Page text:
Winning Rural Elections: Parades!

A week before the 2008 Iowa caucuses I drove 200 miles in a day doorknocking for Obama. We’d long before saturated the easy turf like Mason City, and all that was left was the tiny towns and farms. I wasn’t the only door knocker on a mission impossible- Carl and a few others got back to the Mason City campaign office even later than me. In that 200 mile day I’d made only a handful of contacts and doubt I moved more than a vote or two at most.

The now classic democratic strategy of “door knock ’til you drop” works great in low turnout predominately dem leaning urban areas where the doors are less than a hundred feet apart. But out here, it’s an exercise in frustration. My legislative district’s (MN 22A) largest towns don’t even have 5000 population, and over half the district’s population lives in towns of less than 1000 or in the country. And given that the district is nearly a hundred miles across, any candidate would need to put in a lot of those 200 mile days trying to door knock the whole district… I doubt a candidate would be able to doorknock the whole district in a year. So do we surrender these rural turfs to the republicans and retreat to the big city?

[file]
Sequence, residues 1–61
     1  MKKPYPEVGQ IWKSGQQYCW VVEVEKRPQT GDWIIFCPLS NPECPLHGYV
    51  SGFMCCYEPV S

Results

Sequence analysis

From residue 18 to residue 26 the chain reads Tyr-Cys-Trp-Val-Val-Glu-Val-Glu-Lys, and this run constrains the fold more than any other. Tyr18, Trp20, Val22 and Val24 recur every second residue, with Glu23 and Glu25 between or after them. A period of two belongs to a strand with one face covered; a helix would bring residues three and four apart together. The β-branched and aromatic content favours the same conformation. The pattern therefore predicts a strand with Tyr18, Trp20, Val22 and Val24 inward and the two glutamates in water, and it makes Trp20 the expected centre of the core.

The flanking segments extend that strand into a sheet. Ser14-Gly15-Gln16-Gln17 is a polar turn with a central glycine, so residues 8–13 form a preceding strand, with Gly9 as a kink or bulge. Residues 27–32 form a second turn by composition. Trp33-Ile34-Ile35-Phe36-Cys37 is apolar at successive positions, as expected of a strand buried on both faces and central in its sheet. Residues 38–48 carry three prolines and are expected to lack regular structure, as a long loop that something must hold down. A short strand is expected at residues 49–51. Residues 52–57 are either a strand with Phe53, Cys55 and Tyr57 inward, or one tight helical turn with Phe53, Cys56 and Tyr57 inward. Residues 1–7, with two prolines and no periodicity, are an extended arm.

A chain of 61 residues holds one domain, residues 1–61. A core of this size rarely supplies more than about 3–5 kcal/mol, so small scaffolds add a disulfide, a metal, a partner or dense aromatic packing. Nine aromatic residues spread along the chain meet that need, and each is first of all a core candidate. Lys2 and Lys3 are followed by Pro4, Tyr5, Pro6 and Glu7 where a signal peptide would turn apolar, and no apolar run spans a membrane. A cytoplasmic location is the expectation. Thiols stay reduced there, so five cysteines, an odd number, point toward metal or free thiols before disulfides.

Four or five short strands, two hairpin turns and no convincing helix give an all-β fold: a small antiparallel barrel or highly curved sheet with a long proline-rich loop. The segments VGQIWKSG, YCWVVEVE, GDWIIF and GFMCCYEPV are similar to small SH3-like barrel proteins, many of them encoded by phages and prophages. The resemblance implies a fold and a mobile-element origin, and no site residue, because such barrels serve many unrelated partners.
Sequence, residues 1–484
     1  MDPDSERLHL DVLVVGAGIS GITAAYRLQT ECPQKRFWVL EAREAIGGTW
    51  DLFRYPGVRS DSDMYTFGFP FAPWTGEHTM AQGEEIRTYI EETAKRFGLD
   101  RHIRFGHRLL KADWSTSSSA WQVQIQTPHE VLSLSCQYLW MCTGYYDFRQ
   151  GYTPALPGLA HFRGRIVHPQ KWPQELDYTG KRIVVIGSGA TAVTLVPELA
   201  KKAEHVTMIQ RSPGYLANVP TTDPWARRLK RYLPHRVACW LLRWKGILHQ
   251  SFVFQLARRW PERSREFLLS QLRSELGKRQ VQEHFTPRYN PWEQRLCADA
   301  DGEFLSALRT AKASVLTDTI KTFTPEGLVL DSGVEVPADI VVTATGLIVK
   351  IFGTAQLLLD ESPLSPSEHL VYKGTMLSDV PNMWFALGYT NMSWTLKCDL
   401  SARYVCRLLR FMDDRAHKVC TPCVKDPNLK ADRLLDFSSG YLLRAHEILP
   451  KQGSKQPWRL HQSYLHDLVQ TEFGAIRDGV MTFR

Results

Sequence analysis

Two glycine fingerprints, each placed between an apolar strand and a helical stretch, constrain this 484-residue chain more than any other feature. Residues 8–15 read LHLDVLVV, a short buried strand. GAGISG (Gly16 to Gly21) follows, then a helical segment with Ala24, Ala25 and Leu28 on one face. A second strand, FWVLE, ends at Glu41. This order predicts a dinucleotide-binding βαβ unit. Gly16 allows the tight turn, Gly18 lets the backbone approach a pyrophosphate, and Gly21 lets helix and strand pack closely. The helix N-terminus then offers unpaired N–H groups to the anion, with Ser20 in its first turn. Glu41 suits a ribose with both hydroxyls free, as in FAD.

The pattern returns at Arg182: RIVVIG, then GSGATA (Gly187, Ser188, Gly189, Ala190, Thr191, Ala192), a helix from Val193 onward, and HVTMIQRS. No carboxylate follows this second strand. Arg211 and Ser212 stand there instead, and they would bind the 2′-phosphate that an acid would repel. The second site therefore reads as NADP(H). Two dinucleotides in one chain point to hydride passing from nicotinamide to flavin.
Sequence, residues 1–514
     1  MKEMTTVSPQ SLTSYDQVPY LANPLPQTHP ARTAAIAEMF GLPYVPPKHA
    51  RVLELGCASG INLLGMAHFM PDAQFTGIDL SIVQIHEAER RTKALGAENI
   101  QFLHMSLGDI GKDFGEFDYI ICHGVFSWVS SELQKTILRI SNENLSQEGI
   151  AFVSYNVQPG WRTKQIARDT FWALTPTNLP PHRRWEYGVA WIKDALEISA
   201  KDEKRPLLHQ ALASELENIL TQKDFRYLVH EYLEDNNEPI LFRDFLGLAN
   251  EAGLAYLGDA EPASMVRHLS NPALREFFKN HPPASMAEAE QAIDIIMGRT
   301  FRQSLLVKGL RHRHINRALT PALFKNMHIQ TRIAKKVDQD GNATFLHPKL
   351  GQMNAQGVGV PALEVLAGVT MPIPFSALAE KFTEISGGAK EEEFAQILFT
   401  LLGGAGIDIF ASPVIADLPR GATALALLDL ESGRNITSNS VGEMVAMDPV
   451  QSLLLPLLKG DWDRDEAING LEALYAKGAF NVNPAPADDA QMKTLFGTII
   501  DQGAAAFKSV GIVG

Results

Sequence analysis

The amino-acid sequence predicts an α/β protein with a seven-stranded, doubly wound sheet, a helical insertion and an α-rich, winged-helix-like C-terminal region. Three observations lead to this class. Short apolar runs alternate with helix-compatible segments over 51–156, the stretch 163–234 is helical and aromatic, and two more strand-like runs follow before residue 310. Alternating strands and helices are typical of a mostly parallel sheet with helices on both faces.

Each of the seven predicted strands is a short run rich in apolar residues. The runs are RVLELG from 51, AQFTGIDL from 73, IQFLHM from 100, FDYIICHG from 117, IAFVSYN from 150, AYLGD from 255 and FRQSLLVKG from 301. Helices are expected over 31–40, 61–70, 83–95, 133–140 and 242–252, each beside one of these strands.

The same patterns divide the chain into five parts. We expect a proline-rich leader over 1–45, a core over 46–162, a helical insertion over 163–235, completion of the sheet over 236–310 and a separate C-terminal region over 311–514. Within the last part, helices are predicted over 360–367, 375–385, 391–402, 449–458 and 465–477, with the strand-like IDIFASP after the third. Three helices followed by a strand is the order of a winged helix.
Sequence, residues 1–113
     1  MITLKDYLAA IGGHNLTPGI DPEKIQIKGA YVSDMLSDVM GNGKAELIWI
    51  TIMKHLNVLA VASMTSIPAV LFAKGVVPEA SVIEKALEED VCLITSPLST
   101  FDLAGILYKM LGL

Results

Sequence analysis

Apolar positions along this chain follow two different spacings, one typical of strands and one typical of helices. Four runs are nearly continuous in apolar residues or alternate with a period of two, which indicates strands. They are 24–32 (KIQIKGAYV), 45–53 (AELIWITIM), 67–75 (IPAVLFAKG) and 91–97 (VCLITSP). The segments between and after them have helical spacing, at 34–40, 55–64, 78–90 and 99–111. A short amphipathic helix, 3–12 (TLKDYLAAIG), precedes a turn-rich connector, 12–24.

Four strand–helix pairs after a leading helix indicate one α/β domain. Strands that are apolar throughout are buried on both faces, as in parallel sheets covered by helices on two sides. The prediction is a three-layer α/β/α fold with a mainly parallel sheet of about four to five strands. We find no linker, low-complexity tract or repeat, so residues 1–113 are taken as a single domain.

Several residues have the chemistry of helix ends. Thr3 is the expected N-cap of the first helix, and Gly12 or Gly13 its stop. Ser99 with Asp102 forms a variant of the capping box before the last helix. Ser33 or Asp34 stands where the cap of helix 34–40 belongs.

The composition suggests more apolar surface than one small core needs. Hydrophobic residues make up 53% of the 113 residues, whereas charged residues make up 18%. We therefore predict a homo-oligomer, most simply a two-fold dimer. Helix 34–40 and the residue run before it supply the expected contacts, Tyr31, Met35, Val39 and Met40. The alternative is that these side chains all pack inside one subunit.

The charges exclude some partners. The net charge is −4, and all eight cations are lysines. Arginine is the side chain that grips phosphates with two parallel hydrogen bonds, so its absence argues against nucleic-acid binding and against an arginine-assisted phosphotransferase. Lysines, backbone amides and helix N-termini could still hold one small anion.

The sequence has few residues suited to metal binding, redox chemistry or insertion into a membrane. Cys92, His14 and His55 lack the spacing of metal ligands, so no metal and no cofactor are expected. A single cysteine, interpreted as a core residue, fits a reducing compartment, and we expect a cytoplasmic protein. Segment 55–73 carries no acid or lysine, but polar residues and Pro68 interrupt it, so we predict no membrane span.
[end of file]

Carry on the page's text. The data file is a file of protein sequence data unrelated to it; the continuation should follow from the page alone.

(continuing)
Hell no!

While rural folks can be hard to get to, they seem to like to get together… Every community has at least one annual celebration as well as 4th of July and other holiday celebrations. And the best attended event is always the parade. In the big cities maybe ten or twenty percent of the population will attend a parade… Out here the whole town AND the whole county or three attend the parades!

Don’t believe me? This is an off year so I’m not doing any parades, so the last few weeks I’ve been making the rounds of the parades out here and taking spectator and participant counts. Couple weeks back I caught the parade in Canby, population two thousand and change. Got a late start counting as I was catching a meeting with Congressmember Peterson, but I counted over 1800 spectators before the parade ended and the crowd scattered. I thus missed a couple blocks of the route and spectators, so clearly the attendance at least equaled the town’s population, plus several hundred parade participants. Next parade I caught was in Lake Benton, pop. 600… Counted 1600 spectators plus over 200 participants, three times the towns population! July 4th I caught two parades, first one in Ruthton (pop. 300 and losing) I counted about 600 spectators and over 200 participants. On to Balaton (pop. 600) and I counted over 1000 spectators and over 200 participants. Clearly, rural parades draw at least the town’s population and often two and even three times that! The Lake Benton, Ruthton, and Balaton parades are in my district and even using the urban campaign benchmark of 20 completed contacts a day it would have taken me nearly 200 days to contact that many voters… If one can’t get to the voters, go where the voters are!